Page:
It’s been a while since I’ve done one of these posts. I miss them.
This is a little story about a little fairy named Winter, who had a big adventure. Now she’s discovering Christmas.
Winter at Christmas
The cold season had come around again. Snow covered the ground outside, Nutkin was hibernating, and most of Winter’s fairy friends stayed inside the Hollow, keeping warm.
She peered outside, feeling that strange mix of sadness and exhilaration at being the only fairy that could survive the cold for longer than a minute or two. In some ways, she liked this weather best, it gave her a different sort of energy.
She flew out of the opening, and across the garden. It all looked so different covered in white, the shapes and shadows new to navigate. The snow added extra height to the ground. She had to lift herself further up to avoid hitting anything.
She landed neatly on Layla’s windowsill, energy shooting up into her from the snow beneath her feet. Ice crackled along the glass, distorting the view inside. She tapped on it, hoping Layla would hear.
As she waited, her mind drifted back through the year. The Hollow would be celebrating the year end that night, the decorations already up, her friends making the final preparations for the dance and feast. A twinge of something bittersweet found her in those thoughts. This time last year she was an outcast. It was on the day of the festival that her abilities had first emerged, that she had first lost control and frozen part of the Hollow. She had been called dangerous, and she couldn’t disagree – she had been dangerous. But now she was back. Things weren’t the same. She was trying to act as if they were, but she couldn’t forget that they had turned their back on her, left her out in the cold. If it hadn’t been for Layla…
She tried not to think about it. But the sense of betrayal wouldn’t leave her.
The window inched open, and Layla waved her inside her.
Winter flew into the warmth of the house, and Layla closed the window behind her, shutting the snow out.
“Wow!” Winter said, her eyes wide as she looked around. Overnight, the house had changed. Lights covered it, and strange sparkling things, and odd bits of green plants.
“Do you like it?” Layla asked. She looked proud.
“What is it?”
“Oh, right,” her hand went to her mouth. “Sorry, I didn’t you wouldn’t know about Christmas.”
Winter frowned. “Christmas?”
Layla nodded her head to the right. “Come on, I’ll explain.”
Winter followed her through the house and into the living room, where a large green tree, sparkling with lights, sat in the corner. Winter stopped midair. “Why is there a tree in here?”
Layla smiled. “It’s a Christmas tree.”
”I’m confused.” She sank down onto the arm of the sofa, beside where Layla sat.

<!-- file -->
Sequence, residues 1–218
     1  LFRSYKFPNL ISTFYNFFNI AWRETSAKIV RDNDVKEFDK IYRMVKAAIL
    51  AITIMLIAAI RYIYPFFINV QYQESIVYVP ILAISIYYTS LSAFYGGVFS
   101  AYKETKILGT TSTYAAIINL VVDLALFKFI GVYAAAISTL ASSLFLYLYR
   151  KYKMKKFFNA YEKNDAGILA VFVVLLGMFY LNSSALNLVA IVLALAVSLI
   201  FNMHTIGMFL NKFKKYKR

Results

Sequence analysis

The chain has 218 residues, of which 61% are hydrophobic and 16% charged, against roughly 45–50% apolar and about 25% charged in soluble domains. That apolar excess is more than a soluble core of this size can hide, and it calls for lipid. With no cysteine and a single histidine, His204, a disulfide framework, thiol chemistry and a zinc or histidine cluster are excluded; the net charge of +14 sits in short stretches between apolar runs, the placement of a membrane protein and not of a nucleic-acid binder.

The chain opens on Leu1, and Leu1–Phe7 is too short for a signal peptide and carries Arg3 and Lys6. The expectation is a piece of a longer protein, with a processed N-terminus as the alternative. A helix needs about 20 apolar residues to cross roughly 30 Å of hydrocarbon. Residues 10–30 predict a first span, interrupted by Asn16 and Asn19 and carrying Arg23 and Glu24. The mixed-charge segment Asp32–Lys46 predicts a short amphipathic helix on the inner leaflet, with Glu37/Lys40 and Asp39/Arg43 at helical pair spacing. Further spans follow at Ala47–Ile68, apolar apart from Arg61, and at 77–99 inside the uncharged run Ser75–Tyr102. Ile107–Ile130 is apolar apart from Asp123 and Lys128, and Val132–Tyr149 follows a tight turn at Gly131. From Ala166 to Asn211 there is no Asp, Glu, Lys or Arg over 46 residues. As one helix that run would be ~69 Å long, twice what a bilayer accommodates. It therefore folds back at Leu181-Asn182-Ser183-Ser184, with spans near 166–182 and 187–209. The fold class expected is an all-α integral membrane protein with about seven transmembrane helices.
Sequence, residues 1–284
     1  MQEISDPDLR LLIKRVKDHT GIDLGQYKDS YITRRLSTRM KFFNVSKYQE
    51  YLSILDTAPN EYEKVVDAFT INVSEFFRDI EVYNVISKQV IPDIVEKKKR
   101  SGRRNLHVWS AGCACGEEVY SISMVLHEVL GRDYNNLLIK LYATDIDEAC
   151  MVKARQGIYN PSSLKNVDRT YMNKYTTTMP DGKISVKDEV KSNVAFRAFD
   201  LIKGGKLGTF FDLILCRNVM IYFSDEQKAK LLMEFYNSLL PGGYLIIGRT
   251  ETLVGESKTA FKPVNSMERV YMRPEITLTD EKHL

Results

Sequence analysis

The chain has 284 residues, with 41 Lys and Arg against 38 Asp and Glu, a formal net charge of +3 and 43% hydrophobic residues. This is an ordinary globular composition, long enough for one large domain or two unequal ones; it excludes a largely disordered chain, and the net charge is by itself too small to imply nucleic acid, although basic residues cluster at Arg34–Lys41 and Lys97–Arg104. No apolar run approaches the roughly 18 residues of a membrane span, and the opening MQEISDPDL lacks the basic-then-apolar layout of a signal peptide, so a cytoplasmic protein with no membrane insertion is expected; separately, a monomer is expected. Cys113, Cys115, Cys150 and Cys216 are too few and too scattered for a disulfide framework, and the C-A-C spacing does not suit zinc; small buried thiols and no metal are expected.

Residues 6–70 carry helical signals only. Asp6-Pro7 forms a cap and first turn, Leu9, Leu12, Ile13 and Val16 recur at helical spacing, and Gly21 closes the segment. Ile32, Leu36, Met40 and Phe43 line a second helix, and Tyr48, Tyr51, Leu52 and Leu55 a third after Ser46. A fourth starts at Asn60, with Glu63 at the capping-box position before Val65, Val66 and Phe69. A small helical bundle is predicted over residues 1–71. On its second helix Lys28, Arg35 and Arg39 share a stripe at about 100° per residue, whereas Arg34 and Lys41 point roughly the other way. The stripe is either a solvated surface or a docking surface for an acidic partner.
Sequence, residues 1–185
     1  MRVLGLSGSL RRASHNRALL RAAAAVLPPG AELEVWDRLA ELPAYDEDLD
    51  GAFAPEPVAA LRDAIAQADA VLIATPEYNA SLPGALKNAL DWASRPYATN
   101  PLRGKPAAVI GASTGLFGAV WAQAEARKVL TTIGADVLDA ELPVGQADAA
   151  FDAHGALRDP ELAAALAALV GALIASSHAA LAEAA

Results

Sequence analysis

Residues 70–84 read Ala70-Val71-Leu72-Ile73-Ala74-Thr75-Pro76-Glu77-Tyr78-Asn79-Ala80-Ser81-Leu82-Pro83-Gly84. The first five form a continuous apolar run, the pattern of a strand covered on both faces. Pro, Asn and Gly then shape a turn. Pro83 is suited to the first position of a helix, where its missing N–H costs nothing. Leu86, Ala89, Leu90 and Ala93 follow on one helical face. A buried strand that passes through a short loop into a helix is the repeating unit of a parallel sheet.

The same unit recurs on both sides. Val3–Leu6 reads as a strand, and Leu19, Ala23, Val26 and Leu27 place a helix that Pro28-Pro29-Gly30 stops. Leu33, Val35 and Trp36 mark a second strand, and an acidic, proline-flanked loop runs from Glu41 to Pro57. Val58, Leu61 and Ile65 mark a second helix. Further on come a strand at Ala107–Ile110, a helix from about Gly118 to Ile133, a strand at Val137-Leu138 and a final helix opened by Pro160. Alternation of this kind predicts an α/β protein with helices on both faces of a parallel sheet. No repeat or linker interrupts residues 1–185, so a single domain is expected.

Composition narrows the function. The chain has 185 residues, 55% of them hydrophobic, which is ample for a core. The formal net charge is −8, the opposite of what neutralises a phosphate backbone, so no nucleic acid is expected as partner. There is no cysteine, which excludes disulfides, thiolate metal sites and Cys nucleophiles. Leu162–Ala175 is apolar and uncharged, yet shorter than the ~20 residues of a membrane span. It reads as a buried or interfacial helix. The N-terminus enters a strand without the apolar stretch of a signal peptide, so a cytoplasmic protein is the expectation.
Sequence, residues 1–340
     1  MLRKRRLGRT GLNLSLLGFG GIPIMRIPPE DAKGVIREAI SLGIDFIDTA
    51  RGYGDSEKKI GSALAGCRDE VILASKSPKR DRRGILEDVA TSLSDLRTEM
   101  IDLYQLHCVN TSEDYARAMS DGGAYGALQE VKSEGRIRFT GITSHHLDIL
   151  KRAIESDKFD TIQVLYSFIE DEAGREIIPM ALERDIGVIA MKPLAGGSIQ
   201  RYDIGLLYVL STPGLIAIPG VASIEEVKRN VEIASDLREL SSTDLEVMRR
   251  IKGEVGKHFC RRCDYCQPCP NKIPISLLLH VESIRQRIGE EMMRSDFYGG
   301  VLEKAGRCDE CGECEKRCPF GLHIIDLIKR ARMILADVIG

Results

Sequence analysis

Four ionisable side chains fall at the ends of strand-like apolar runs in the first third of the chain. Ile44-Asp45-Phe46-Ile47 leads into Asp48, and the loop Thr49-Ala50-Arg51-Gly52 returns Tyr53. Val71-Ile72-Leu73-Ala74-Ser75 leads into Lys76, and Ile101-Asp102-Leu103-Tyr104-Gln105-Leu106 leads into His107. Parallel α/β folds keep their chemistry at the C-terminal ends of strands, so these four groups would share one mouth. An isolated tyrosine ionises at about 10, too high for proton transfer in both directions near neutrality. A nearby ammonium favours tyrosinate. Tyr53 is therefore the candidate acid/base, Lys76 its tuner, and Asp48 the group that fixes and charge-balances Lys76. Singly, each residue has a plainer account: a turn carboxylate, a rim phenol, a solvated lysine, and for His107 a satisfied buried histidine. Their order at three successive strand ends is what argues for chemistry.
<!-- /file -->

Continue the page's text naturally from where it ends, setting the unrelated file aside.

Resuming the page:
“Christmas is a celebration we have each year in the winter.” Her smile turned to a frown. “It’s a bit complicated, but it’s about celebrating the birth of Jesus Christ.”
“Who’s Jesus Christ?” This was getting more confusing and she couldn’t see what it had to do with a tree in Layla’s living room.
“Jesus was, well,” she frowned again, “maybe I’ll read the story to you later. It will explain much better than I can.”
“Oh. So why is your house all sparkly again?”
“That’s what we do at Christmas. You have a celebration this time of year, don’t you? And you decorate?”
“Yes.” She pictured it in her mind, how it looked in memories of years gone, how it had looked when she’d left the Hollow this morning. “But they aren’t like this.”
“No, but we all celebrate things differently, don’t we? Not all people celebrate Christmas, they celebrate things I don’t. Do you understand?”
“Yes, I think so. All fairies celebrate the same, I think.”
“I suppose people are complicated,” Layla smiled sadly.
Winter sat in silence for a moment, thinking over Layla’s words. Something was niggling at her heart, a feeling that she couldn’t identify. A feeling that made her think of the Hollow, of the other fairies, of how her only real friend was Birch, of the way they looked at each other sometimes. A sad look. Pained. Remembering.
“I think fairies are complicated too,” she said, still trying to work out what her feeling was.
“Are you all right, Winter? You seem subdued.” Layla was looking down at her, worried.
“I just…I suppose I’m thinking about what to do.”
“About the Hollow. Things aren’t…the same since we came back.”
Layla looked sad. “Did you think they were going to be?”
Winter looked up at her, eyes wide. “Why wouldn’t they be?”
“Because things can never stay the same Winter, and because something big happened to you. You were gone from the Hollow for quite a while.”
Winter rubbed her hands through the cloth of her blue skirt. “I just want things to be how they were.”
Layla sighed. “There are times when I wish to go back,” she said, “to some point in the past when things were better, when I was happier. But time doesn’t work that way. Not for humans, or fairies, I’m guessing.”
Sadness settled into Winter’s heart. She looked around at the twinkling lights and wanted to smile and feel happy. But she knew that she was going to have to make a decision, and it would lead to change, and she wasn’t sure if she really wanted that yet. “Can I stay here tonight?” she asked.
“Of course,” Layla said, and suppressed a yawn. She got up off the sofa, took a book from her shelf, and sat down again. “Let me tell you the story of Christmas.”